Figures 3(a)–3(d) show the normalized MR, , of the IZO1 NW as a function of perpendicular magnetic field in several regions, as indicated. (The fields were applied perpendicular to the NW axis.) The symbols are the experimental data and the solid curves are the WL theoretical predictions for 1D (figure 3(a)), 2D (figure 3(b)), and 3D (figure 3(c)), respectively. Figure 3(d) shows a plot of the measured perpendicular MR at 7 K together with both the 1D and the 2D WL theoretical predictions, as indicated. We notice that in all figures 3(a)–3(d), the MR data are negative, suggesting that the spin-orbit (s-o) scattering rate is relatively weak compared with the inelastic electron scattering rate at all down to 1 K. In other words, the s-o scattering length is always longer than , where is the s-o scattering time. This observation of a very weak s-o scattering is consistent with the conclusion recently drawn from the WL studies of metallic-like ZnO NWs Chiu-nano09ZnO () and ZnO nanoplates Likovich09 (); Andrearczyk05 (). Microscopically, the comparatively weak s-o coupling in ZnO is thought to originate from the small energy splitting at the top of the valence band Harmon09 (). A doping of 3 at.% of moderately heavy In atoms in this work does not induce any appreciable enhancement of the s-o coupling.

The MR due to the 1D WL effect in the presence of an external applied either perpendicular or parallel to the NW axis is given by Altshuler81 (); Birge03 (), in terms of the normalized resistance ,

(1)

where is the resistance of a quasi-1D NW of length , and the characteristic time scale represents the dephasing ability of the field. The form of depends on the orientation of relative to the current flow and the shape of the NW Altshuler81 (). There are two situations which have been explicitly theoretically calculated. First, for a NW with a square cross section and side in applied perpendicular to the NW axis, , where the magnetic length . Second, for a NW with a circular cross section and diameter in applied parallel to the NW axis, . In practice, both side and diameter can be treated as adjustable parameters, because the effective cross-sectional area responsible for the charge conduction may differ from the geometric cross-sectional area of the given NW under study. In other words, the NW may be inhomogeneous (e.g., due to O vacancies, surface absorption/desoption, variations in compositions, surface states Shalish04 (), accumulation layers Grinshpan79 (); Gopel80 (), etc.) and the electrical conduction is not through the whole volume of the NW Schlenker08 (); Hu09 ().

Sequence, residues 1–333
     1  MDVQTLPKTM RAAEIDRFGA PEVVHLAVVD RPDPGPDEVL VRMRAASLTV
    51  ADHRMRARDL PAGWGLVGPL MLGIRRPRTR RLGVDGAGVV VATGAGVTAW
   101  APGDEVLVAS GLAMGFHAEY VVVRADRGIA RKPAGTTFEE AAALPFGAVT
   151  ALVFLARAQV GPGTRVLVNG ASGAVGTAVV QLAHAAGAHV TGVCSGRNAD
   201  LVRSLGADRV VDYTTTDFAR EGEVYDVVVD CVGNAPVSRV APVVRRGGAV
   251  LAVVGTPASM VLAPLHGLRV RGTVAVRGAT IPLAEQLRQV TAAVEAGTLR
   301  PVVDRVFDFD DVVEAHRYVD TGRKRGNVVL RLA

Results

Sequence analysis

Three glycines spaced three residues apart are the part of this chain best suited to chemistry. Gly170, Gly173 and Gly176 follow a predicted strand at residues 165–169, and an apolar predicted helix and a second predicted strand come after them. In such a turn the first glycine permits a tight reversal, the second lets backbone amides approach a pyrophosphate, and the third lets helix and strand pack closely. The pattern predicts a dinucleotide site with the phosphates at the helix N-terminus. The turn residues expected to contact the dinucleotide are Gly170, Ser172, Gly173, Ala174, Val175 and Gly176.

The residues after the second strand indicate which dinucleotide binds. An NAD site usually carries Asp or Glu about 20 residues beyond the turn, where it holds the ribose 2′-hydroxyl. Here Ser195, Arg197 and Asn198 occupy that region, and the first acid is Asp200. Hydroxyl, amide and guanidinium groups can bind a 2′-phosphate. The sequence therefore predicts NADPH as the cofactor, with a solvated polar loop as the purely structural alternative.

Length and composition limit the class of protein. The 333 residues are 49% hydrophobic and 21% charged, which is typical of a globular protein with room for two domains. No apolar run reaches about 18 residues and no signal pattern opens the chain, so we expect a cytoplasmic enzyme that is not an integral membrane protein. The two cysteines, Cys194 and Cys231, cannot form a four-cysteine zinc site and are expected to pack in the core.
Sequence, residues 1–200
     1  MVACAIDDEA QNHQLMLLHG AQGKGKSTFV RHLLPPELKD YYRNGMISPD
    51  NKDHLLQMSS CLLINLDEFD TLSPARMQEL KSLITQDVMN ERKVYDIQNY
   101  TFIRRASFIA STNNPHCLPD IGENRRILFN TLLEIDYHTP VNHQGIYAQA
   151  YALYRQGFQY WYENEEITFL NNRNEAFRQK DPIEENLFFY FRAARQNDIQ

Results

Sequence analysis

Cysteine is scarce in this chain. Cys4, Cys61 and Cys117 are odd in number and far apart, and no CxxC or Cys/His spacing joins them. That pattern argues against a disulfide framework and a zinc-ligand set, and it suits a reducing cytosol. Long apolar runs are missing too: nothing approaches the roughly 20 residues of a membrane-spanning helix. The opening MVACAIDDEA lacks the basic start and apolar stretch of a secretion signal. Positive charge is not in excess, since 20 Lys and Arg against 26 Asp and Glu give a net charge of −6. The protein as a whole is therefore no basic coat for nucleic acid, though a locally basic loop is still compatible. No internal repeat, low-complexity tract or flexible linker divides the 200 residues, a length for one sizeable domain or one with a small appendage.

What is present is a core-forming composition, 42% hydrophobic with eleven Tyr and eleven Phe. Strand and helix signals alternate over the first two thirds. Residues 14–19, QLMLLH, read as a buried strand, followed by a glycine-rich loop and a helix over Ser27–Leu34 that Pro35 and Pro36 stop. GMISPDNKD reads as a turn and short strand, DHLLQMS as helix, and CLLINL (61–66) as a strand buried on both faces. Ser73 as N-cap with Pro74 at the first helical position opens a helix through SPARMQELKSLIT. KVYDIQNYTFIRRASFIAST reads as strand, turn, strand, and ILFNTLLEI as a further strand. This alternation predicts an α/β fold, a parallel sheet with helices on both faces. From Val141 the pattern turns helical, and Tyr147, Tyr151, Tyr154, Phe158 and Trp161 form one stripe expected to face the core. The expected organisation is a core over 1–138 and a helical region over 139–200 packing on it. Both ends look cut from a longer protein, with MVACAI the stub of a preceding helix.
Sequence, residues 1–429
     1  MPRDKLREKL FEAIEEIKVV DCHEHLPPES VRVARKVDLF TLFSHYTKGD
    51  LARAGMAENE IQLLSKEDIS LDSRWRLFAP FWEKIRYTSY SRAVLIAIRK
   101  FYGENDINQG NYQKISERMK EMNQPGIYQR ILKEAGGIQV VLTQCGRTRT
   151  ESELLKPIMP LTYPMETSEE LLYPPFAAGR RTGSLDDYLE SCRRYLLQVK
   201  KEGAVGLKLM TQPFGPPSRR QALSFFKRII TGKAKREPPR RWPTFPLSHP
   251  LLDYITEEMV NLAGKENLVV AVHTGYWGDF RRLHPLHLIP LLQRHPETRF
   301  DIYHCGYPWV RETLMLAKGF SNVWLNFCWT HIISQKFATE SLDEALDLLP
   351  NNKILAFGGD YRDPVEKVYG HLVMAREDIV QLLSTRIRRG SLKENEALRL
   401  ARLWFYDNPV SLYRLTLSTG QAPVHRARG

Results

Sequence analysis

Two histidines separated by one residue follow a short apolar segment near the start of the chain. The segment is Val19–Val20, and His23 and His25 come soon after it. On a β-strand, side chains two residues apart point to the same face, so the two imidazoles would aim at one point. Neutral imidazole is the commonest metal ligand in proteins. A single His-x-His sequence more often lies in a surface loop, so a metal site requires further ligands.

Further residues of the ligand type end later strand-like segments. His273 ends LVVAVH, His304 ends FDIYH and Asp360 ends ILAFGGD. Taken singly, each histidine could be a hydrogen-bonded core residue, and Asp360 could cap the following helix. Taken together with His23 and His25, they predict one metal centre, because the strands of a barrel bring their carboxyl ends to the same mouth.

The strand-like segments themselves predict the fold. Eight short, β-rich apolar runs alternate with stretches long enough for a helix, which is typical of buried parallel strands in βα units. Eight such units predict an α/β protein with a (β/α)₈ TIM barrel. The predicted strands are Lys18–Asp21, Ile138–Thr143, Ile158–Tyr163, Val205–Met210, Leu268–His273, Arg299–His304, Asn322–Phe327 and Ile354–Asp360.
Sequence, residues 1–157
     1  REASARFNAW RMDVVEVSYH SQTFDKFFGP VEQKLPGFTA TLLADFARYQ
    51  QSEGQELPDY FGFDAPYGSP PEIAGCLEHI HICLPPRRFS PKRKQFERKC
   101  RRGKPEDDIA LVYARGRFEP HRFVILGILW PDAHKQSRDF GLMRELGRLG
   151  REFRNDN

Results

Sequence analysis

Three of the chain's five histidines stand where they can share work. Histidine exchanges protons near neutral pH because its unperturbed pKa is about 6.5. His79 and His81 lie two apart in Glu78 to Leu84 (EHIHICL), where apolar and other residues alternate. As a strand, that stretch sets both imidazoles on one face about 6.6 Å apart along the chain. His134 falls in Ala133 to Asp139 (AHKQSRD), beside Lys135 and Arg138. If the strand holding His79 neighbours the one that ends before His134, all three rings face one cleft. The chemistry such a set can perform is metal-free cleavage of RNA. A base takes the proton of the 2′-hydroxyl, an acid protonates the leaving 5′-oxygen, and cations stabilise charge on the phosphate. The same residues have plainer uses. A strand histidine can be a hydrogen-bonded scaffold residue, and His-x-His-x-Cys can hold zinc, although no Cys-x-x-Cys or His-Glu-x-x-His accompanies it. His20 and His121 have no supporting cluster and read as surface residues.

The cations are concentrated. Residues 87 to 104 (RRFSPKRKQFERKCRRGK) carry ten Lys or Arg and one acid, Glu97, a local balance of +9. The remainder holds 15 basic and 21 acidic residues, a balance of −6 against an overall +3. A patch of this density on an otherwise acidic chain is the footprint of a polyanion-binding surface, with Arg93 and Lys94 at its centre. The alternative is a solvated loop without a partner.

In plotting figure 3(a), we have used equation (1) and rewritten to least-squares fit the measured MR data for 0.5 T, and then generated the theoretical curves for a range up to 3.25 T. (We have treated , and thus , as an adjustable parameter.) Numerically, we obtained -independent (average) values of 59 nm and 140 nm for all the MR curves plotted in figure 3(a). The only -dependent adjustable parameter is , which is plotted in figure 4(a) as a function of . Figure 4(a) shows that (the squares) decreases from 110 nm at 1 K to 28 nm at 15 K. It should be noted that our extracted value becomes shorter than the effective NW diameter as increases to above 7 K. Such a result is not self-consistent and it violates the applicability of equation (1). That is, under such circumstances, one should consider a possible dimensionality crossover to the 3D WL effect at 7 K. A similar observation has recently been pointed out by Hsu et al. Hsu-prb10 () in their WL studies of single ITO NWs. In any case, one should be cautious about the validity of the extracted values in this moderately high region.

To examine whether a crossover from the 1D to the 3D WL effect takes place in the IZO1 NW at 7 K, we now compare our MR data with the 3D WL theoretical predictions. The 3D WL MR is given by Lin-jpcm02 (); Fukuyama81 (); Wu-prb94 (), in terms of normalized magnetoresistivity ,

(2)

where

(= 1.93 in the ZnO material g-factor ()) is the electron Lande- factor, is the Bohr magneton, and

Here the characteristic fields are connected with the electron scattering times through the relation , with the subscript stands for (the dephasing field/time), (the inelastic scattering field/time), (the s-o scattering field/time), (the “saturated” scattering field/time as 0 K), and (the elastic scattering field/time). ( will be used in equation (3).) The function is an infinite series which can be approximately expressed as above, which is known to be accurate to be better than 0.1% for all arguments (Ref. Baxter89, ).